Research of the Week
A bodybuilding supplement reduces frailty and extends lifespan in mice.
Honey bee venom shows efficacy against cancer cells.
Beard prevalence predicts intra-sexual competition among men.
Exercise promotes general stress resilience.
Selenium deficiency is a major factor in cardiomyopathy.
Burping, disrupted sleep, abdominal pain, nausea, even vomiting and choking … if you’ve experienced these symptoms, you’re likely suffering from chronic acid reflux, also commonly known at GERD.
You’re not alone. Roughly 25%-30% of Americans experience GERD-related heartburn multiple times a week.. One Norweigen study surmises that acid reflux is 50% more common than 10 years ago.I personally suffered bouts of GERD and acid reflux during and even after my endurance training years, and my symptoms persisted until I finally gave up grains once and for all.
More debilitating than average, occasional heartburn, GERD symptoms chip away at your daily quality of life, and if left unattended, can even eventually lead to esophageal cancer . GERD and acid reflux are becoming more prevalent , and supposed ‘miracle’ pills are more pervasive than ever: from TUMS and Pepcid to prescription medications, the market is flooded with treatment options. How did a condition usually associated with late-stage pregnancy and over indulgence become an epidemic?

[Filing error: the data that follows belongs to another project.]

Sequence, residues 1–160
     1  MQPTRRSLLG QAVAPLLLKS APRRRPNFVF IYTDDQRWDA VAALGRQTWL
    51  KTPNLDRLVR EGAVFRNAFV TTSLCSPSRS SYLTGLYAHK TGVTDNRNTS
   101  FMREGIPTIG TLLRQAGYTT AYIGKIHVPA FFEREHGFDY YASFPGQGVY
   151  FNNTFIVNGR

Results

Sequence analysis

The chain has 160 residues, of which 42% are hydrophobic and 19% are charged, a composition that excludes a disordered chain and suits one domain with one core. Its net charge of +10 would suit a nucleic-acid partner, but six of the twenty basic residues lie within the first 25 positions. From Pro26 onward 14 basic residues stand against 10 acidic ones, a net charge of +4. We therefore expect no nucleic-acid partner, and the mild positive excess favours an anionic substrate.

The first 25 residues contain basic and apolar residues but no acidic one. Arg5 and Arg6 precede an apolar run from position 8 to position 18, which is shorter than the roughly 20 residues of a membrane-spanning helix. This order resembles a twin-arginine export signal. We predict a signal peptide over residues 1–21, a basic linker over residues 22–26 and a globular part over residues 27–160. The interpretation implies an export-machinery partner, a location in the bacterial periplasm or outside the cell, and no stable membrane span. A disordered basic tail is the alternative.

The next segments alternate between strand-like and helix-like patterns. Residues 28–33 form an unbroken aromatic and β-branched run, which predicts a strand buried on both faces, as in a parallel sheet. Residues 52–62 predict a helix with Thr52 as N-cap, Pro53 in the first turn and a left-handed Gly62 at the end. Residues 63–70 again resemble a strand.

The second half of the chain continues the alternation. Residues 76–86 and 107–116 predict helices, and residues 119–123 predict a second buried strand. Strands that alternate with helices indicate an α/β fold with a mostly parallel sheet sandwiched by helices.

Dogs, like people, are animals. The dietary requirements of dogs, like the dietary requirements of people, are subject to the forces of natural selection. Just like Big Macs and French fries and white bread aren’t optimal food for humans, kibble isn’t optimal food for dogs.
If you accept that biologically-appropriate diets exist for humans, and those diets should be informed by evolutionary history and anthropology, then you must accept that dog diets deserve the same treatment.
One leading brand of kibble has listed as ingredients:
Great news: If you’re already using collagen peptides for your hair, skin, and nails, you’re likely getting a bunch of other whole-body benefits.
Clearly we humans are meant to consume a good amount of collagen. Our ancestors ate nose-to-tail, consuming skin and connective tissue, and boiling down bones to make broth. Gelatin and collagen would have been abundant in the human diet. They provide amino acids needed for a dizzying array of metabolic functions. The amino acids also serve as blocks for collagen in the body.
Collagen is the most abundant protein in the human body, providing structure and support for the musculoskeletal and cardiovascular systems. Crucially, we need glycine from collagen to balance the lifespan-shortening effects of methionine in meat.
Today I’m going to highlight some potential benefits that have nothing to do with skin, nails, or hair. I’ll say up front that I’m firmly on the pro-collagen train. I’ve noticed great results personally from taking it. That said, I’m not trying to make wild claims about collagen as a miracle supplement. These are areas of research I’m watching with interest. I hope to see more studies that help us understand when, why, and how collagen is most useful.